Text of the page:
As the Carolina Hurricanes prepared to drop the puck in their game against the visiting New Jersey Devils Thursday night, they were ranked last in the NHL on the power play. In 80 opportunities they have scored only 10 power play goals this season, a dismal 12.5 percent rate of power play success. (Oops, make that 10 for 81. I’m writing this at the game).
It’s not easy to pinpoint exactly what is wrong with the ‘Canes’ power play. From my vantage point, not consulting advanced analytics but merely observing as a spectator, it seems that part of the problem is a lack of shooting the puck at the goal when on the power play.
Here’s a live in-game example. It’s 14 minutes into the first period against the Devils and the Hurricanes have six shots on goal. Keep in mind that this includes 5-on-5 play and two minutes with a man advantage. Of course not every blast in the direction of the net is counted as a shot on goal, but there is a real absence of aggression by Carolina on the power play. There is a lot of posturing and passing and it’s all I can do to keep from yelling, “Shoot the puck!”
If Not for Faulk
A glaring statistic revealed when looking at the Hurricanes’ power play is that eight of the team’s ten power play goals have been scored by Justin Faulk, who is currently first in the NHL in power play goals scored this season. One may tend to think of big-time defensemen, like John Klingberg of the Dallas Stars who is currently fifth among all points leaders in the league with 27, or Erik Karlsson of the Ottawa Senators who is tied for sixth with 26 points. But a closer look shows that the bulk of their points have come from assists, with both Klingberg and Karlsson having netted five goals apiece thus far.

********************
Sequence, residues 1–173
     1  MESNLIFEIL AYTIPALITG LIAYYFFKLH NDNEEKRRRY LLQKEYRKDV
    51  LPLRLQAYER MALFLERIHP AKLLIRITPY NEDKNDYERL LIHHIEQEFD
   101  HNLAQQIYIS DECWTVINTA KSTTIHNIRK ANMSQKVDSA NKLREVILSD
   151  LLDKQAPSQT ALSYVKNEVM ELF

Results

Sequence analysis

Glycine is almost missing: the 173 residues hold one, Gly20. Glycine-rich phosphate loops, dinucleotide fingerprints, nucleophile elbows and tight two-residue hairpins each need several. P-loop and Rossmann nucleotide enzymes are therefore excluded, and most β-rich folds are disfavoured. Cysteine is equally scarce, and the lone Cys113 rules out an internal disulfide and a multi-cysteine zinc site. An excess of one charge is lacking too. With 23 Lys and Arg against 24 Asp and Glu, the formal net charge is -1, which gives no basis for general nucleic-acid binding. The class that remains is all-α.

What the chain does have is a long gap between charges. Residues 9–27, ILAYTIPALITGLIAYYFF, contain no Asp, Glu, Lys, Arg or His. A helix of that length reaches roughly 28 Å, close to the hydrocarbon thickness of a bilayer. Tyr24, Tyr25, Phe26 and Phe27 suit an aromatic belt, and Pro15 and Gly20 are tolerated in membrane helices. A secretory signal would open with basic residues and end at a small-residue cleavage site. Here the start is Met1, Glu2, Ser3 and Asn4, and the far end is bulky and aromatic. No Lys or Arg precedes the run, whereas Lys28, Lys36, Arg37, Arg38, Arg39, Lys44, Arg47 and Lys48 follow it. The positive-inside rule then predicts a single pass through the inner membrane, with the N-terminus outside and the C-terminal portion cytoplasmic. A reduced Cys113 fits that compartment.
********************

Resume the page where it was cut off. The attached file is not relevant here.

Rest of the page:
Digging deeper into the list of point leaders this season at ESPN.com finds only five defensemen currently in the top 40. (Oops, make that 10 for 82). My point is that it is typically the forward players on a team that carry the offensive load. Sadly, when it comes to this year’s Hurricanes, that is not the case. Faulk leads the team in points (18) and is tied with Victor Rask with eight goals. Rask has one power play goal. Team captain Eric Staal only has four goals, one of which was on a power play.
One would think that based on previous performance, a first unit power play consisting of Staal, Faulk, Elias Lindholm, Noah Hanifin and Rask would be strong. But, it’s Faulk who is carrying the weight. Something is just not clicking for these guys. I’m sure that if coach Bill Peters knew how to fix it he would, especially with the team’s reasonable power play success last season.
Keep Your Corsi for Now
This casual analysis doesn’t mention Corsi or Fenwick or any of that, there’s no need to go that far with the dreadful offensive numbers. The lifeless ‘Canes power play is an extension of the team’s lifeless offense. The Hurricanes power play and its overall offense needs juice, a burst of energy that will bring it up from the bottom of the league. I understand that teams don’t play at playoff level during the regular season. But, this team needs to develop the kind of aggressive nature that characterizes playoff hockey, crashing the net, shooting, going hard at the goal at every opportunity. A good place to start would be on the power play. Soon.
Mark lives in the Raleigh, NC area and covers the Carolina Hurricanes.